Clinical application (Radiotherapy)

Teletherapy (external beam radiotherapy)

This is the most widely used method. The machines used are linear accelerators (LINACS) that use microwave technologies to accelerate electrons such that after their collision with a heavy metal target a high-energy X-ray (1-25MeV) photon beam is produced. This photon beam is precise in definition, direction and depth allowing careful planning in terms of delivery. Delivery planning is almost always aided by CT scans. This is schematically illustrated in Figure 1.

Figure 1: Schematic illustration of information obtained before start of radiotherapy, precise location of tumour is known and all nearby structures that need to be protected from radiation as far as possible.

The precise location of the tumour and nearby healthy structures that need to be protected from radiation as far as possible are determined before delivery starts.

For each session the patient is immobilized in a clear custom made plastic shell which must fit accurately over the face in order to ensure consistent and reproducible delivery in each session (see Figure 2). The need for the mask to fit can create significant delays if radiotherapy is postoperative and full resolution of postoperative swelling has not occurred, or even worse there is flap failure delaying the optimum window of treatment (ideally starting around 6 weeks postoperatively) or creating further anatomical changes.

Figure 2: Patient immobilized with accurately fitting face mask ahead of radiotherapy session.

Multiple beams are used to maximize delivery to the tumour target volume yet minimizing the effect on adjacent healthy tissue such as salivary glands, spinal cord and lens of the eye. The accuracy of this process is improved by CT planning and sophisticated irradiation schemes such as intensity modulation (IMRT, see below).

There are several regimens with variable dosage and fractions (a fraction is a single dose delivered) used. The optimum treatment time and number of doses remains controversial and dependent on the volume irradiated. A common regimen for head and neck cancer is around a total dose of 65 Grays (a Gray is energy absorption of 1 Joule/kg) delivered as multiple fractions over 35 days. The optimal treatment of radiotherapy is balanced between achieving control of disease and too much irradiation causing necrosis or significant late effects.

The therapeutic effect of radiotherapy can be reduced by delays between fractions (allows tumour cells to repair and repopulate), the patient continuing to smoke and where radiotherapy is delivered after surgery (adjuvant radiotherapy, see below), relative hypoxia (insufficient oxygen levels in tissue) and a long delay between surgery and start of radiotherapy.

Brachytherapy (interstitial radiotherapy)

The principle of this method is to deliver ionizing radiation by inserting radioactive source(s), usually removable iridium-192 implant wires, into the tumour using slotted guide needles or plastic tubing. This method will deliver a high intensity of radiation into its immediate vicinity with a rapid fall in dosage in the surrounding tissue (radioactive isotopes such as iridium-192 radiate monochromatic high-energy photons (gamma rays) due to their radioactive decay). The number of needles inserted will be calculated according to irradiation volume and dosage required. The needles are inserted manually or using a remote computerized loading system (to avoid staff irradiation) under general anaesthesia with radiological checks. As the patient is radioactive, he or she will be kept in a protected and isolated environment for the duration of the treatment. A common regimen will involve delivery of a total dose of around 65-70 Grays over 6-7 days.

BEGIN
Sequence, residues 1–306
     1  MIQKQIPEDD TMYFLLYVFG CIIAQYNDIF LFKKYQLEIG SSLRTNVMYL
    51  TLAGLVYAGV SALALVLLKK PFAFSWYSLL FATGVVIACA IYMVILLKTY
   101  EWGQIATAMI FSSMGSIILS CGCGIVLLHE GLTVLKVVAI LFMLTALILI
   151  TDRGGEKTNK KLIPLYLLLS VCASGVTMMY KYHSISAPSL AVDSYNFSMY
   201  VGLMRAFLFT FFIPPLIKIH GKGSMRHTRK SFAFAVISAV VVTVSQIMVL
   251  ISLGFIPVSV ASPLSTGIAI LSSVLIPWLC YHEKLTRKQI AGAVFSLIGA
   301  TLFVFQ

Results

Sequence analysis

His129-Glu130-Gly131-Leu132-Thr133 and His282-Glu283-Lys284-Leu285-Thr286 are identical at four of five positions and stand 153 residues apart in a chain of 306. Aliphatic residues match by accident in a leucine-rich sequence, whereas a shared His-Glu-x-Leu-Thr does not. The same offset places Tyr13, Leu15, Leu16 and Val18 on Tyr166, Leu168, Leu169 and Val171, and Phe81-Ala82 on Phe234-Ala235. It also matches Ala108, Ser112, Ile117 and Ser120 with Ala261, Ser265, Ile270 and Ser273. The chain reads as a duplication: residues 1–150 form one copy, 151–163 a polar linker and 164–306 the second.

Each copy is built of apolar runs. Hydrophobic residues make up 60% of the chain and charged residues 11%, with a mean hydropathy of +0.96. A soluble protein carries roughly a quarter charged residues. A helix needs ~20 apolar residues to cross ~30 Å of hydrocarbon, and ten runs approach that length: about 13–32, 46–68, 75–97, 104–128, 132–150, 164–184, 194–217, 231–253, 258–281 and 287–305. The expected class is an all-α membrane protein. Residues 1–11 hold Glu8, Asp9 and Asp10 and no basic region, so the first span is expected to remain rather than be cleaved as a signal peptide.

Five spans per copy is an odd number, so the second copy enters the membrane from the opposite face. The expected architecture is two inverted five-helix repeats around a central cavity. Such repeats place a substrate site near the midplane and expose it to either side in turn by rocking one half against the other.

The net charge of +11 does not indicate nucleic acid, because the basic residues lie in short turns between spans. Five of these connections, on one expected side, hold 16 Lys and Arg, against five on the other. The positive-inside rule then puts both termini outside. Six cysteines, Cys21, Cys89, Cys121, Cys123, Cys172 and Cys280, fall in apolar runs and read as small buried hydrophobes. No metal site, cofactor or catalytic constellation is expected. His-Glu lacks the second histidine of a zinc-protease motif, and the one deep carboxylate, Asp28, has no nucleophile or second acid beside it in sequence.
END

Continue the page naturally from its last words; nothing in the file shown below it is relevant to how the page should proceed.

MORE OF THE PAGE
This technique is not suitable for patients with poor compliance or claustrophobia. Tumours very close to or involving bone are also unsuitable for treatment using this approach. It is mainly used for small tumours with the key advantage of good functional outcome. It is an effective treatment modality but does not address the neck. The post treatment area is often necrotic and very painful. This creates real difficulty in the first few months of distinguishing between persisting disease and radionecrosis.

Adjuvant and neoadjuvant therapy

The rational for postoperative (adjuvant) radiotherapy is that a small volume (microscopic) of malignant cells may be left within the surgical bed through spillage or incomplete excision in the margins. Where frank tumour is present, it is less effective and in such instances, further resection is advocated. However, this may not always be possible (due to proximity of vital structures, patient unable or unwilling to have further surgery or flap reconstruction in situ). It has been shown that irradiating the operated tumour bed or neck will help reduce the chances of recurrence by some 50%. Ideally this is carried out within six weeks of surgery.

Neoadjuvant radiotherapy or chemoradiotherapy is treatment given to reduce the bulk of a tumour before the definitive treatment. In its original sense it was given to shrink a tumour to make it possible to resect surgically. As the margins of normal tissue required for surgical excision with curative intent remain the same, the principal role in head and neck cancer is to assess the response of the tumour. An example would be giving chemotherapy initially and following this with radical chemoradiotherapy if there was a good initial response to the chemotherapy, or even initial palliative doses of radiotherapy but increasing to a radical dose with curative intent if the response was promising. In these cases surgery is regarded as “salvage” in the event of recurrence of, or persisting, disease.

Side effects of radiotherapy

Unlike surgery where a lot of the side-effects are manifested quickly, radiotherapy’s side effects build up gradually. These can be divided into general, acute and delayed effects (see Table 1 for a summary).

Acute side effects Features Comments
General Tiredness, lethargy, fatigue Systemic effects of treatment
Mucositis (sore mouth) Erythema, exudates formation, ulceration

One of earliest side effects to show due to rapid (12 days) mucosa epithelial turnover.

Takes several weeks to heal after completion of radiation.